In Appendix 1 of their book “The Coddling of the American Mind,” Jonathan Haidt and Greg Lukianoff outline nine steps that anyone can take to help deal with negative thoughts and cognitive distortions. Those nine steps are:
- When you are feeling anxious, depressed, or otherwise distracted, take a moment to write down what you are feeling.
- Write down your level of distress. (For example, you could score it on a scale of 1 to 100.)
- Write down what happened and what your automatic thoughts were when you felt the pang of anxiety or despair. (For example, “Someone I was interested in canceled our date. I said to myself, ‘This always happens. No one will ever want to go out with me. I’m a total loser.’”)
- Look at the categories of distorted automatic thoughts [throughout this course], and ask yourself: Is this thought a cognitive distortion? Write down the cognitive distortions you notice. (For example, looking at the automatic thoughts in number 3 above, you might write, “overgeneralizing and catastrophizing.”)
- Look at the evidence for and against your thought.
- Ask yourself what someone might say who disagreed with you. Is there any merit in that opinion?
- Consider again what happened, and reevaluate the situation without the cognitive distortions.
- Write down your new thoughts and feelings. (For example, “I am sad and disappointed that a date I was excited about got canceled.”)
- Write down again, using the same scale as before, how anxious, depressed, or otherwise distressed you feel. Chances are the number will be lower—perhaps a lot lower.
Doing this may feel like a lot of work—and it is. You are essentially performing a kind of surgery on your own inner dialogue. But the payoffs are massive. So much of the pain and suffering we feel is self-inflicted, because of cognitive distortions that we’ve mistaken for truth.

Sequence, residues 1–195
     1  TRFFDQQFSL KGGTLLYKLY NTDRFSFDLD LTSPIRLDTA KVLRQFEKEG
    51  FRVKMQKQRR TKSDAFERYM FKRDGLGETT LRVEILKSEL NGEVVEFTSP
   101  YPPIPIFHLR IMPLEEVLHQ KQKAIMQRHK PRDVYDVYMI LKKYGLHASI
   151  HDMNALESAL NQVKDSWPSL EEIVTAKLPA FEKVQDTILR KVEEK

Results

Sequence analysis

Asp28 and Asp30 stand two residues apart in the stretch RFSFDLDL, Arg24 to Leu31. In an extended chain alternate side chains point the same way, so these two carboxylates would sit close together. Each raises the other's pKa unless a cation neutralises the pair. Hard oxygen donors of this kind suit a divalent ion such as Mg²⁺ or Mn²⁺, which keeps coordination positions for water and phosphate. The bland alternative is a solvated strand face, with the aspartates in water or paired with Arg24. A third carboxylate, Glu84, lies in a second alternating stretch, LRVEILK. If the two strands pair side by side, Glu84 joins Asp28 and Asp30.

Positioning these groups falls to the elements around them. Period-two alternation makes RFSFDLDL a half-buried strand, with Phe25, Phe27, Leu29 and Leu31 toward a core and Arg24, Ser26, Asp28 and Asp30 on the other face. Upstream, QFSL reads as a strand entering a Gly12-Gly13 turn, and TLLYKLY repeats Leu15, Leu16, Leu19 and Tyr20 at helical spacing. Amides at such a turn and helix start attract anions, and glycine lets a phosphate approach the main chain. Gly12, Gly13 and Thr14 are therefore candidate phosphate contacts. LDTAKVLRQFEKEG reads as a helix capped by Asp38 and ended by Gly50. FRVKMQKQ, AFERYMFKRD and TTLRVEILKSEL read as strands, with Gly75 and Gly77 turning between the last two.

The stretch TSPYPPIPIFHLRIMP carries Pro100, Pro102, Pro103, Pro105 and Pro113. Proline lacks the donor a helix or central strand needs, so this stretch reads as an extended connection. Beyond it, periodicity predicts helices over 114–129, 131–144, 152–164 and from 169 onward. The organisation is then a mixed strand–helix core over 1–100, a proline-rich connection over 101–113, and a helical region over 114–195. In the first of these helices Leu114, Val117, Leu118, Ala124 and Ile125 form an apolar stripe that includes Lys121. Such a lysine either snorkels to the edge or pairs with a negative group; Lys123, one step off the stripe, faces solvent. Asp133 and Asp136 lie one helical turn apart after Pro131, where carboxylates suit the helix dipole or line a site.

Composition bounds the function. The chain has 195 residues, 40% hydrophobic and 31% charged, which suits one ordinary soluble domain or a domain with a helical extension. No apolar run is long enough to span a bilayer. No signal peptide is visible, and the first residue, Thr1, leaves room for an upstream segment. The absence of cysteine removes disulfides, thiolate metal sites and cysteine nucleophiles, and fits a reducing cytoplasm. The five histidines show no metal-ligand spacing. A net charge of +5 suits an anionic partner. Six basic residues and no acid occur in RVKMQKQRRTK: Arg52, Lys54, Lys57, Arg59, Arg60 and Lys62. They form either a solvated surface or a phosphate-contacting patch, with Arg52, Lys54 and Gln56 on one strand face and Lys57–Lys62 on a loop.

In 1 Corinthians 4:3-4, the Apostle Paul writes, “I care very little if I am judged by you or by any human court; indeed, I do not even judge myself. My conscience is clear, but that does not make me innocent. It is the Lord who judges me.” What he’s getting at here is the idea that not only do people make wrong judgments about others, we can even make wrong judgments about ourselves. Painful things will inevitably happen to us in our lives, but we can easily make those painful things worse by building a narrative around them using cognitive distortions.
When we align our minds with reality and truth, we not only experience greater mental, emotional, and social health, we’re better able to love God as well. In Matthew 22:36-37, Jesus is asked which commandment is the greatest in the Law. He responds by saying, “Love the Lord your God with all your heart and with all your soul and with all your mind.” Although we could do entire studies on what it means to love the Lord with all our heart and with all our soul, part of what it means to love God with all our mind is to align it with reality—which involves overcoming cognitive distortions.
Thanks for going through this course with us. We hope it was helpful and thought-provoking. And if you remember nothing else afterward, we hope you’ll at least remember the title: “Don’t believe everything you think.”